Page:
This month's Netflix spotlight is the third and final season of the Apatow produced comedy Love, starring Gillian Jacobs and man/bird hybrid Paul Rust.
After a dark and complicated season 2, season three picks up more or less where Mickey and Gus left off. However, things seem different this time around. Yes, Gus sports a new haircut that makes him look less like a 13-year-old hatchling and more like a fully grown adult bird person and Judd Apatow's daughter is rapidly aging to the point where it's nearly impossible to suspend disbelief that she's actually a 14 year old, but it seems like something else is going on here.
It may be that the overall tone of the series has shifted somewhat. Season 2 paints of picture of two deeply flawed individuals that probably should not be together. Season 3, on the other hand, offers a more nuanced view of these people as they learn from their past mistakes and make active efforts to become more self-aware and self-controlled. It makes the viewer want to root for them and genuinely sells the idea that these two people might actually work together.
This season, in particular, focuses on the many skeletons in Gus's closet, ranging from past career blunders to past romances. This serves to humanize him and give viewers a better idea of who he is beyond a whiney little people pleaser. Toward the end of the season, there's a short arc where Gus and Mickey go to his home state of South Dakota and meet Gus's family, which serves both the plot and character development in addition to providing an excruciatingly realistic portrayal of how family ties can put a strain on a relationship.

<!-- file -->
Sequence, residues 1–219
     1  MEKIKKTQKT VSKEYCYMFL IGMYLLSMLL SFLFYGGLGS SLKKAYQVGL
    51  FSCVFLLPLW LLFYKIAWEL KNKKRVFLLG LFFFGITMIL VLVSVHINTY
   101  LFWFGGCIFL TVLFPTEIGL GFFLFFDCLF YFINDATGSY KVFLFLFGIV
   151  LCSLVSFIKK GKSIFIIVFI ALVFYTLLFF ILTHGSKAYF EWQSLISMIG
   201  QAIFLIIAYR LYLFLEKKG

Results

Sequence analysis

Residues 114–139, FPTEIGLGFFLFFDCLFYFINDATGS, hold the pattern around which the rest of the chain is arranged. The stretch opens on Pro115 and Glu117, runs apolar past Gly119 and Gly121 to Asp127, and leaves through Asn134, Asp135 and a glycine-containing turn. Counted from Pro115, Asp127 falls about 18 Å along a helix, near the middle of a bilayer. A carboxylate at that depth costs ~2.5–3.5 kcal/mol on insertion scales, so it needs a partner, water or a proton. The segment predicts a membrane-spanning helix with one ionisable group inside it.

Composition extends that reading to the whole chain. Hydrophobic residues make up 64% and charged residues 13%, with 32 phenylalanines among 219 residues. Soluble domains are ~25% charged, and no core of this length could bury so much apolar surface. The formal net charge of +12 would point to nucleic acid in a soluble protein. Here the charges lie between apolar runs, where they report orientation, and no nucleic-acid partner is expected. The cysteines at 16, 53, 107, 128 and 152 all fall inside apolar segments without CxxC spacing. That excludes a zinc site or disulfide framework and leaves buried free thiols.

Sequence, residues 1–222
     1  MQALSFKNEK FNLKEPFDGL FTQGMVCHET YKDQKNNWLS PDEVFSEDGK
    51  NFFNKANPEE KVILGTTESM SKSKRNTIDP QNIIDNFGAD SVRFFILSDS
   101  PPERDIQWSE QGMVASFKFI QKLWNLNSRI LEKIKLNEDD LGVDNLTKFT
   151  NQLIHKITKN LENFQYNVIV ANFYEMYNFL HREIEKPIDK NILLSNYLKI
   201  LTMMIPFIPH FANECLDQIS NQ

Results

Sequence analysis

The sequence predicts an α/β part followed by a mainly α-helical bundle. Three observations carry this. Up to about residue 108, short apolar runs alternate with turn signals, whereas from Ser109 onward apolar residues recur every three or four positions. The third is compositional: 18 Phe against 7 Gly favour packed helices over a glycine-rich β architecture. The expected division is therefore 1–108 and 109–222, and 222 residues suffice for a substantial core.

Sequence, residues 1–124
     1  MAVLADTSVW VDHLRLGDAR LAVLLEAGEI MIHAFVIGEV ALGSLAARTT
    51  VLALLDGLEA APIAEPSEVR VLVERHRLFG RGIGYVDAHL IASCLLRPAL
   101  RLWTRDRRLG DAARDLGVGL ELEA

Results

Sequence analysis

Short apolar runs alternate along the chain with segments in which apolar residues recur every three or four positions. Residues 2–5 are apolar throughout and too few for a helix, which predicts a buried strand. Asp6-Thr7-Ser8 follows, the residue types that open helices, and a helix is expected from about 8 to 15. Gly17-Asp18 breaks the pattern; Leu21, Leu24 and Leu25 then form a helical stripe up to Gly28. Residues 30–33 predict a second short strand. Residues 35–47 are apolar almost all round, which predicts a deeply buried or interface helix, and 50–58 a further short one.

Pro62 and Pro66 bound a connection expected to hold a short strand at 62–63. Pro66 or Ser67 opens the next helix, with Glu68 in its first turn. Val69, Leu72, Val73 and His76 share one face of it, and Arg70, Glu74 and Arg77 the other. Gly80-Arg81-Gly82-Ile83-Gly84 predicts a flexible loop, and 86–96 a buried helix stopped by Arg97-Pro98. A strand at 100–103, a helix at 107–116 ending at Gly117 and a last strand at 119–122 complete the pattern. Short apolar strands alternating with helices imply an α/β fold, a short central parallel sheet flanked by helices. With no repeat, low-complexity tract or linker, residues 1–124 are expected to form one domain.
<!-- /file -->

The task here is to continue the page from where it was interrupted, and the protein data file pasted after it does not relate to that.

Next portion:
In addition to the main couple, there's also a strong B-plot that centers on Bertie and Randy's relationship. In a nice mirror to Gus and Mickey's increasing confidence and stability, Bertie and Randy descend into chaos and strife.
The series ends on a definite up-note, which seems almost out of place considering the dark and troubling path that the show was following. There are many loose ends and questions that never get answered, but this show was meant to serve as a foil to the typical Rom-Com formula. It was meant to be something closer to reality, something that gives audiences an honest look at love. The final season of Love hits the mark and leaves us with something sweet to chew on.
Check it out!